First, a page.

Eat More Bacon: A New Year’s Resolution

by Ray Linville

Close-up of three cooked strips of bacon on a white plate against a white background

Close-up of three cooked strips of bacon on a white plate against a white background

New Year’s resolutions are made to be broken. But for 2016, I’m making one resolution that I promise to keep: Eat more bacon.
Bacon took it on the chin recently when the World Health Organization (WHO) identified it with other processed meats as being carcinogenic to humans.

Carcinogenic is a word that I didn’t even know until well after I had given up cigarettes (a demand from my wife when we were expecting our first child). It’s a word that I should have been taught before I had left high school, because I grew up in the tobacco city of Winston-Salem (yes, the self-described “heart of tobacco” that lends its name to two leading brands).

Imagine the shock in that city when the U.S. Surgeon General proclaimed in 1964 that cigarette smoking is harmful. Heck, we kids knew that-we didn’t need any official proof. The coughing by our elders convinced us that something wasn’t right. I understand the link between tobacco and cancer.

However, I’m at a loss to connect bacon and cancer. WHO went so far as to lump bacon with carcinogenic items such as formaldehyde, asbestos, plutonium, arsenic and radium. Of course, those items are dangerous-but bacon?

Bacon is the Lord’s gift to Southern food. Although a tomato sandwich (with Duke’s Mayonnaise) is a great summertime meal, add bacon with a little lettuce and the sandwich becomes perfect. For many foods, bacon is what adds nature’s goodness.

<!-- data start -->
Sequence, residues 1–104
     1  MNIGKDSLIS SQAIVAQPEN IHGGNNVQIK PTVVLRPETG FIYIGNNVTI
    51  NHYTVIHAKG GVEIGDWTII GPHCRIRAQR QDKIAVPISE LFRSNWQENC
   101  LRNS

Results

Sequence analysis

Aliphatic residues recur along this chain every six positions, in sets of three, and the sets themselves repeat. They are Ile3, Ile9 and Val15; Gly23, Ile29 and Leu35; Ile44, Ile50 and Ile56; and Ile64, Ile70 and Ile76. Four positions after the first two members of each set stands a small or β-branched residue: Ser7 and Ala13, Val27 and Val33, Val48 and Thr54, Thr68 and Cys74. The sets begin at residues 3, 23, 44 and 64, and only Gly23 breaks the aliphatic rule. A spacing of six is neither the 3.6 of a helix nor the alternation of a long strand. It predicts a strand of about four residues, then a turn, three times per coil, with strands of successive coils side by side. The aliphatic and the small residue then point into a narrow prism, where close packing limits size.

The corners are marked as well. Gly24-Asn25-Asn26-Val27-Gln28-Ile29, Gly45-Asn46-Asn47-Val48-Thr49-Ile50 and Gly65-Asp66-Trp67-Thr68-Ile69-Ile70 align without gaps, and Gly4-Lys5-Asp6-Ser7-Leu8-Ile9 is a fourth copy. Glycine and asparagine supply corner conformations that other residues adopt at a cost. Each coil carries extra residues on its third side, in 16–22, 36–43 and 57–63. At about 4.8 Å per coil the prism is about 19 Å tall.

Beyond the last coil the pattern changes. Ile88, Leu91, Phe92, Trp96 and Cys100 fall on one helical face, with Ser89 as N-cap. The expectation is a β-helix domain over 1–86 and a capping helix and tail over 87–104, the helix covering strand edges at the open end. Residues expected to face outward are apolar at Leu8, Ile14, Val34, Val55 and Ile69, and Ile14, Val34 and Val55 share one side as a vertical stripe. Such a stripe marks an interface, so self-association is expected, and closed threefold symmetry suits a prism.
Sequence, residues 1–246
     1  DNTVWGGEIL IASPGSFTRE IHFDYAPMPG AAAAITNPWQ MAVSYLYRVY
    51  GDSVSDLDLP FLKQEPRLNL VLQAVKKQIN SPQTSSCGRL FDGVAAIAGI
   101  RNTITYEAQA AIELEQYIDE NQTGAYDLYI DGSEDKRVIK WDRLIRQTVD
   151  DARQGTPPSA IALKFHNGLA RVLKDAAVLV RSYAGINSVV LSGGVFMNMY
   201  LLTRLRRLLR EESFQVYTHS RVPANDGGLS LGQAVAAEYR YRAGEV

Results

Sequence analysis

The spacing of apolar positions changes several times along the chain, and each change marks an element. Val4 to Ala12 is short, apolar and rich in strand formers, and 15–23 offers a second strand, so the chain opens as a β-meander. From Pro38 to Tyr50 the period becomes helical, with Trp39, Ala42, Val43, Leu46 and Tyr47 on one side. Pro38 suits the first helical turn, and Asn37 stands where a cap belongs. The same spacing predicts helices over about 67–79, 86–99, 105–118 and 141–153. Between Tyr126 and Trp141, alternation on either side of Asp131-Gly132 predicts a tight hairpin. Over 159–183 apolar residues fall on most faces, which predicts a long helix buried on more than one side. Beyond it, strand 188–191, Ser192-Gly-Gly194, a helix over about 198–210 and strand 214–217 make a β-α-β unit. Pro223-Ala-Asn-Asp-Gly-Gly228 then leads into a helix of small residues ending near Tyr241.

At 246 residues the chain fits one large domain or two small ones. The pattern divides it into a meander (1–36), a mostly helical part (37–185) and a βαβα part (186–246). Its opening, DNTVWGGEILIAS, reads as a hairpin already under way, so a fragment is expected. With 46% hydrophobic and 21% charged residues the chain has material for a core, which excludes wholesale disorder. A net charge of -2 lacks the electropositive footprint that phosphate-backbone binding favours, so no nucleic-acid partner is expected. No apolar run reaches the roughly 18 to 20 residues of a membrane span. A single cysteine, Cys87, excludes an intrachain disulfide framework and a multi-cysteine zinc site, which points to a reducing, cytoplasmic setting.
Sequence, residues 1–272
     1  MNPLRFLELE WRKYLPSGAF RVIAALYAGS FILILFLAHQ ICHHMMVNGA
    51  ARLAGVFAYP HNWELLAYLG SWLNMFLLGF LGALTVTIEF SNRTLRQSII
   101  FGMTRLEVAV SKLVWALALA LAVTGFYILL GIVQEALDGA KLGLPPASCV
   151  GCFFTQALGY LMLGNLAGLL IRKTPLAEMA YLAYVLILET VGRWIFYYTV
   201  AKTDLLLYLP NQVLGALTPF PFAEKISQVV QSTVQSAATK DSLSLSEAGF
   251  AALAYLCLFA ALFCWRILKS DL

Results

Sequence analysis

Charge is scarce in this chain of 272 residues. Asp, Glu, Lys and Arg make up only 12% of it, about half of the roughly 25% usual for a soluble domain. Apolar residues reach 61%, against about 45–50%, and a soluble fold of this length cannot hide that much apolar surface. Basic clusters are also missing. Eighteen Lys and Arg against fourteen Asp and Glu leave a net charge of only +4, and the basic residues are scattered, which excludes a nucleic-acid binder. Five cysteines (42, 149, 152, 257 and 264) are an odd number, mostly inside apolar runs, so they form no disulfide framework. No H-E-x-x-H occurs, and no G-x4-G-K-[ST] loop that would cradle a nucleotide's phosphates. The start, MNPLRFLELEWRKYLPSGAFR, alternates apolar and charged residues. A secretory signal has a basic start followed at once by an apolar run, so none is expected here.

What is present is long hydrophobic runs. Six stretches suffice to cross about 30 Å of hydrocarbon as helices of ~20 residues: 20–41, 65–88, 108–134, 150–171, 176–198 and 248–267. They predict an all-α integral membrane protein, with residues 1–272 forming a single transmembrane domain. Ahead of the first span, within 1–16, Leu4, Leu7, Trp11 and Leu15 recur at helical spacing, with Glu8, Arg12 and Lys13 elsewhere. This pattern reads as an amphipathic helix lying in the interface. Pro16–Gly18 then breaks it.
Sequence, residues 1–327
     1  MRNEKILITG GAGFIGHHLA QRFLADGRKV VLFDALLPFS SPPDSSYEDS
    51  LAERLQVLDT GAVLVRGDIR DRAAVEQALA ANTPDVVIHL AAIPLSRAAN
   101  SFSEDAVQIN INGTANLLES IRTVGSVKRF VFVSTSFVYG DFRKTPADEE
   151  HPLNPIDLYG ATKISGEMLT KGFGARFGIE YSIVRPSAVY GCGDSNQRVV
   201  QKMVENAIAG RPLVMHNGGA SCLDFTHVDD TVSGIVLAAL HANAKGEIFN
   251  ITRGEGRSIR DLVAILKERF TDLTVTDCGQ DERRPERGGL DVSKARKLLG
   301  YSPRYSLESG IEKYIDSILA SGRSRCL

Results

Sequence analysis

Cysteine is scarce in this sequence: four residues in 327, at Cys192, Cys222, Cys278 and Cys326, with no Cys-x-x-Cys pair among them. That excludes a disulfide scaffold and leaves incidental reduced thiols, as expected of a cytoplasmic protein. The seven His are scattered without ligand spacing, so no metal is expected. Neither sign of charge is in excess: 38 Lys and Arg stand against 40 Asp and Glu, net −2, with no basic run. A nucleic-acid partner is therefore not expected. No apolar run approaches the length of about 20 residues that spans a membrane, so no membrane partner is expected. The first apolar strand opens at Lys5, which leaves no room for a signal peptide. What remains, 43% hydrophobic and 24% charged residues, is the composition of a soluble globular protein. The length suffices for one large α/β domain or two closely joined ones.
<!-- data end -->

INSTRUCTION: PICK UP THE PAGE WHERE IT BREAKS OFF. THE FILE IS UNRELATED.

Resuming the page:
Similarly, doesn’t a salad look naked without bacon bits? Actually, please check: Some bacon bits are made with no bacon-scary. Talk about carcinogenic! (Imitation bacon bits are made from TVP, textured vegetable protein. Shouldn’t WHO include them in its list of 116 items that cause cancer?)

The difference between smoking cigarettes habitually and enjoying bacon occasionally is immense-a point that escaped WHO. Fortunately, WHO came to its senses several days later. Of course, this was after the North American Meat Institute had claimed that WHO “tortured the data to ensure a specific outcome.” But modify its warnings WHO did-although it needed three full days to reconsider the evidence. I would need only three seconds.

WHO admitted that it wasn’t calling for people to stop eating meat and that it hadn’t determined a safe “meat quota” (a diet high in processed meat, not occasional eating, had caused the cancer deaths).

What WHO had also failed to do was to place cancer deaths caused by processed meat in perspective. Almost six times as many cancer deaths worldwide are caused by air pollution. So give bacon a break.

As I continue to enjoy bacon, my new lifestyle is to avoid polluted air and those other carcinogenic items identified by WHO.
Now, let’s eat some bacon.


Retired from the N.C. Community College System, Linville is a contributing writer for the N.C. Folklife Institute and conducts programs on Southern food, history and culture. He can be reached at